Can’t find a job? Make your own.
Today’s job market is still pretty tough, and it can be hard to find a job in some fields. Luckily, college not only equips students for a specific career but with a number of skills that can help in almost every area of life, like communication, responsibility, persistence, and problem solving. Using these skills to overcome the struggling job market, many recent college graduates are creating their own jobs. And these innovative businesses aren’t just a means to an end; they can even change the world.
Is there really a market for entrepreneurs?
So, how much of a market is there really for entrepreneurs? A number of surveys have been taken over the last decades to measure how much of a market there really is for entrepreneurship. For example, according to the most recent data of the U.S. Census Bureau, there were 28.2 million small businesses in existence in 2011, and, believe it or not, small businesses make up 99.7% of all United States employer firms. Additionally, over half (52%) of U.S. businesses are home-based without additional employees. It’s not that surprising, then, that students are taking to entrepreneurship. In fact, according to a 2005 poll from Junior Achievement, more than two-thirds of teens said that they wanted to eventually live a life of entrepreneurship.
Starting on the path toward entrepreneurship
Equipping students with the right knowledge of how to pursue their entrepreneurial interests may help further bolster the economy. Although students may not hear about starting their own businesses as a career option as often as they hear about more “traditional” career paths, a number of colleges are starting to offer extracurriculars and programs that can help any self-starter. For example, colleges like Babson College in Massachusetts, which was ranked #1 by the Princeton Review as the top U.S. entrepreneurship programs in 2015, offers 55 courses at the undergraduate level that allow students to hone their entrepreneurial skills and knowledge. With 118 companies started by alumni and an entire faculty with a history in owning and running businesses, programs like these can provide the right tools to launch a career of self-employment.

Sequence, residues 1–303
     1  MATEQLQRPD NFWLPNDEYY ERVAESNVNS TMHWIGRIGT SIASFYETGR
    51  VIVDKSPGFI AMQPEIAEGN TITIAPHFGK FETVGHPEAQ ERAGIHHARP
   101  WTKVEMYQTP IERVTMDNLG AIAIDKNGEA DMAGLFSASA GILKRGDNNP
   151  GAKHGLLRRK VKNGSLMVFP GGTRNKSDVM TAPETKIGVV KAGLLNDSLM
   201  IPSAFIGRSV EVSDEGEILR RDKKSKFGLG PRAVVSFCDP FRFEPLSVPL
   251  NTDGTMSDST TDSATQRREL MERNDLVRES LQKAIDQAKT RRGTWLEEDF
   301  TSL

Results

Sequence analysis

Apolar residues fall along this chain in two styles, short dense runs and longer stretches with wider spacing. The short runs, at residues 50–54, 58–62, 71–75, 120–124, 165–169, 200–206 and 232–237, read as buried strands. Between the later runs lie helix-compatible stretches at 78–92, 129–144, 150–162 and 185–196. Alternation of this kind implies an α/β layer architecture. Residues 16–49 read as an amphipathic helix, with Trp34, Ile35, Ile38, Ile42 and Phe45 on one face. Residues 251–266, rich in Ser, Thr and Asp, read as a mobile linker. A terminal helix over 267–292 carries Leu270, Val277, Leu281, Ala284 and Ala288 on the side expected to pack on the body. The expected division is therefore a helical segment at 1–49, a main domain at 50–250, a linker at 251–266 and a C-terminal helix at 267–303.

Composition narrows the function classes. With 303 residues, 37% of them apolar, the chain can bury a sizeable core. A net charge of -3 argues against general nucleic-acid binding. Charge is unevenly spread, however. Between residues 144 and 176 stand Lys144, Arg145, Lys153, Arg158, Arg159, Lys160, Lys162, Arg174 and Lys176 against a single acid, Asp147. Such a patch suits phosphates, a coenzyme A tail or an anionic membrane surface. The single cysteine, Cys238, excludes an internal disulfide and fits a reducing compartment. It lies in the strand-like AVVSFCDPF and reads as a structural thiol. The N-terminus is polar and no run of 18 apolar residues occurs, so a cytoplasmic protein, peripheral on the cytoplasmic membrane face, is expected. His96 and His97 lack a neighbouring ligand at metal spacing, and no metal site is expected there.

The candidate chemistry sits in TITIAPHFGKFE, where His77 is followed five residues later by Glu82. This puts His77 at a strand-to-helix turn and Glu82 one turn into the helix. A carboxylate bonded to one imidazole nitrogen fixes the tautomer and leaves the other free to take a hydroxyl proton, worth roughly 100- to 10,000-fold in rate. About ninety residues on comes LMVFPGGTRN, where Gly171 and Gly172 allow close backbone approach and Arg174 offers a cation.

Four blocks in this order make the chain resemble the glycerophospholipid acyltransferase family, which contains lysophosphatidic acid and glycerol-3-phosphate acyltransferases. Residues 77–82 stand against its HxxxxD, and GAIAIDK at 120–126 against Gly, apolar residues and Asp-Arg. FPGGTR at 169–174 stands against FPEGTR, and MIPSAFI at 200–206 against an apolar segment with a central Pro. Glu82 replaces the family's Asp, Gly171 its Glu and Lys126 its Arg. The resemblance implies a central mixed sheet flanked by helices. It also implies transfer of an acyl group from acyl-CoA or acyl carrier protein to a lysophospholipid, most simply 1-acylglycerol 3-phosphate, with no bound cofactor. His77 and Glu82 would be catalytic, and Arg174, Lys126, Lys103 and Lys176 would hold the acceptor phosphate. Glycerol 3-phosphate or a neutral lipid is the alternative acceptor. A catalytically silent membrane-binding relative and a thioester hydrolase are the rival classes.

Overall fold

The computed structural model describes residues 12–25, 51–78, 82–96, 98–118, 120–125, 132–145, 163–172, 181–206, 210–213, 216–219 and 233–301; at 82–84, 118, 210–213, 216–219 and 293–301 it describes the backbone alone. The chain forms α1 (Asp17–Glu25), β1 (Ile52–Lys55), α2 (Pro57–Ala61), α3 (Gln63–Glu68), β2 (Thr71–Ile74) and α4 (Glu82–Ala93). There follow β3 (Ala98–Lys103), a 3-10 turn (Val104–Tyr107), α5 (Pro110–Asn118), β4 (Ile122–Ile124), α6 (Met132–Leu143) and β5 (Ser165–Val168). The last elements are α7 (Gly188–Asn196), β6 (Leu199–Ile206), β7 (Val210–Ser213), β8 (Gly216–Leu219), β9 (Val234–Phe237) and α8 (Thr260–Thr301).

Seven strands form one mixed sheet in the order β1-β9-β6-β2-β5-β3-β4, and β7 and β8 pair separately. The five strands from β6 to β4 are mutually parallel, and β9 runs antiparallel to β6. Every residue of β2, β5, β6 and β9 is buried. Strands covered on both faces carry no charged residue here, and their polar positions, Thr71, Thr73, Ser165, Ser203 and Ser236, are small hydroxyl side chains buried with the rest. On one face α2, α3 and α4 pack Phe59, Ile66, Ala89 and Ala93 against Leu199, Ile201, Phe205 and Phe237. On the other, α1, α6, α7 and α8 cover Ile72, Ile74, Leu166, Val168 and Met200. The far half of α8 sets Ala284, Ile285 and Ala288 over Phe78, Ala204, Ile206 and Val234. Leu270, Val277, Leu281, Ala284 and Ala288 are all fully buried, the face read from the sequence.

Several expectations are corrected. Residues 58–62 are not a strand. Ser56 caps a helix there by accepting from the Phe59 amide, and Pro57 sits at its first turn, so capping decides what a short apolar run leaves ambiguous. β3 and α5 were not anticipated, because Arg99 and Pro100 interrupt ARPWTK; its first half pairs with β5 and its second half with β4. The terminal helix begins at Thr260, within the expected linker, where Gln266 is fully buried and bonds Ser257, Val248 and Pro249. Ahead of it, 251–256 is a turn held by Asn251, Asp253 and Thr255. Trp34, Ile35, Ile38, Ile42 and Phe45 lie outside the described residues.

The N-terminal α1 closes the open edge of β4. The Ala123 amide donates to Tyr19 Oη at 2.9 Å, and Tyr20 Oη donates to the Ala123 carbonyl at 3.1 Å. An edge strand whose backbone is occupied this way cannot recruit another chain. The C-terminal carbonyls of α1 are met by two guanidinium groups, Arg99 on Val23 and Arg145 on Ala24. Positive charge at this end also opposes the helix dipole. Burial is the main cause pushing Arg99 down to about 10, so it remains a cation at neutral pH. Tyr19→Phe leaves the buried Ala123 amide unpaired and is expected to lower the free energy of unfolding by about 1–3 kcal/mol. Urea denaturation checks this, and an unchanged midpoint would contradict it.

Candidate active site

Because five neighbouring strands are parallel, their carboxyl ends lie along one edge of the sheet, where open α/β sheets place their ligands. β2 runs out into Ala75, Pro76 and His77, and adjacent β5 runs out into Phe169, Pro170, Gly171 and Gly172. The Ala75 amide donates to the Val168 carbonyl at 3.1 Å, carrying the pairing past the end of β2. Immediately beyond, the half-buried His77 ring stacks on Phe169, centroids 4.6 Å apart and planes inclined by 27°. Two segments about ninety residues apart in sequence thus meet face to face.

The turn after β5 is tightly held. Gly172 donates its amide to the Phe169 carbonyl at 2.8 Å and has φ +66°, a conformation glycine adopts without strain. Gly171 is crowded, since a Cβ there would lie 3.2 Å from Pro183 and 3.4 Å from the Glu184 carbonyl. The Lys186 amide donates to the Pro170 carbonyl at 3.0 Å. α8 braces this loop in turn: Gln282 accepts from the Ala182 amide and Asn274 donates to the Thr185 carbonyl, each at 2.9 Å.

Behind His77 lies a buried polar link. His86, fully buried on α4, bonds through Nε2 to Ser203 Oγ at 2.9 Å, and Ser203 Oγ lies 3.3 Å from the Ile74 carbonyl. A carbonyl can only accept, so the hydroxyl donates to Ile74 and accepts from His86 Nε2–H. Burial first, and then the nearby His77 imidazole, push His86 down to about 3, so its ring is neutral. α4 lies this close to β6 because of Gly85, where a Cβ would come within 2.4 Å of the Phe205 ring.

Other schools, like Tufts University and Rice University, hold a number of competitions that let students develop some of their best business plans and even win resources to help make their ideas a reality. For example, the Tufts 100k Business Plan Competition is open to anyone in the Tufts community and gives away $100,000 in prizes. And Rice University’s Business Plan Competition (held by the Rice Alliance for Technology and Entrepreneurship) awards a total of $1.3 million to teams competing across the globe.
Get your feet wet as a freelancer
For students with an entrepreneurial spirit but who are not interested in starting a full-fledged company, freelancing is another option on the road to self-employment. As an “independent contractor,” college graduates can work at their own pace on a variety of side jobs in their fields. The sky is the limit with such jobs, like writing computer code for companies or creating compelling articles for magazines. However, the key to a successful freelance career is networking—spending a decent amount of time meeting people in a certain field and keeping the relationships going. Starting these relationships in college, whether it’s working on the campus newspaper or mingling with others of the same major, is a great first start.
Any discouraging talk of today’s job market isn’t holding college graduates back. With the variety of resources that colleges offer, plus their own plucky determination, students can live successful lives of self-employment.